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Old 10-16-2008, 05:56 PM
aliciahorsley aliciahorsley is offline
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Default interesting read about shelter design

Minimum requirements for cats housed in shelters

1. Size: 10.8 ft2 or greater floor space with 2 ft or greater height. At least 1 square meter of floor area per cage for singly housed cats is required in order to prevent excessive stress levels.[1] Enclosures for cats must allow the cat to stand up, turn around, lie on its side with legs extended, stretch, and exercise other normal postural movements in any direction without touching the sides of the enclosure. The height should be high enough to allow the cat to stand on its hind legs & fully extend its front legs without touching the roof of the enclosure. [2]
2. Hiding box. All shelter cats should be provided with appropriate places for concealment which comfortably allow the cat not to see or be seen by the public. [3-5]
3. Design your cat housing to allow cleaning without disruption of the cat. Large single cage with carrier that stays in the cage, double sided cage, walk in run or small group room. This facilitates disease control and dramatically reduces staff time for cleaning.
4. Double-compartment housing. In addition to allowing for easy cleaning without disruption, double sided cages or compartments allow for distinct separation of elimination areas from feeding and resting areas and promote friendlier behavior that may increase likelihood of adoption.[6]
5. Minimize moves. If possible design cat housing such that minimal housing changes need to occur. Frequent cage changes are stressful and increases the risk of viral reactivation and illness.[7]
6. Reduce noise and visual stressors. There should be no visual or auditory exposure to dogs. Exposure to dogs and other loud noises is a significant stressor for shelter cats. [8]
7. Separation between feeding, resting & elimination areas. Cats are fastidious animals and should have their food and litter boxes separated by at least 1.5 feet or greater. [9] ( Recommend minimum of 3 feet)
8. Soft bedding. Cats prefer soft sleeping surfaces over harder surfaces such as metal.[10, 11] Specifically, cats with bedding at least 3 inches thick had longer periods of REM sleep than cats on other surfaces. Sound sleep plays a factor in optimizing behavioral and physical well being in cats as in other species.[12]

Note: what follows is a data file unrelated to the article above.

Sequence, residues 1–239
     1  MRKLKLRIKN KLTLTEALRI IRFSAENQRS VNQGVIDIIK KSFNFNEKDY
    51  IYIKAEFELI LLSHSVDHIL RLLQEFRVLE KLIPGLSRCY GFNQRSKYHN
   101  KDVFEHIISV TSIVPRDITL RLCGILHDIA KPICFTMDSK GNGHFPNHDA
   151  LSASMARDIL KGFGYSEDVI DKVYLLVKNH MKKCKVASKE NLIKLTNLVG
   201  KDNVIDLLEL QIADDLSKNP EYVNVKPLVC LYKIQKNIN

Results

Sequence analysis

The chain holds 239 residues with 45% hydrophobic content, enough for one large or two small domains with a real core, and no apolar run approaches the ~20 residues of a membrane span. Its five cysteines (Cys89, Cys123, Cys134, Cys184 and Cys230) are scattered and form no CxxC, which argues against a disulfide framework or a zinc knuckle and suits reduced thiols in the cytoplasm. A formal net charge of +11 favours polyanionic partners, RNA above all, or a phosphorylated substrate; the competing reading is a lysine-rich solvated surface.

9. One resting shelf A raised resting surface should be included in all cat cages. [2, 10, 13, 14]
10. Adequate lighting. Circadian rhythms( the 24 hour activity cycle of animals) occur in response to light conditions. At minimum a 12 hour light/12 hour dark cycle is acceptable.[15]
11. Environmental Enrichment. (socialization, toys, food toys, etc) As is appropriate for the individual cat.

Ideal recommendations for cats housed in shelters.
All of above, plus:
1. Indoor-outdoor access
2. Multiple shelves / climbing structures
3. Walk-in runs with floor area of at least 18 ft2 floor space. (necessary requirement for long term housing- to give cat ability to run and move freely)
4. Cats are not required to make housing changes. (ie. cats are housed from intake until adoption in the same cage/housing.)
5. Consider group housing on a case by case basis for long-term stays.
6. Providing cats with exposure to natural lighting.
7. Cat housing should be elevated off of the floor level and not higher than what is manageable by staff for cleaning and care when staff is standing on the floor.
8. Daily visual stimulation. (Window to view outdoors, playing, etc)

For more information on shelter cat housing please visit sheltermedicine.com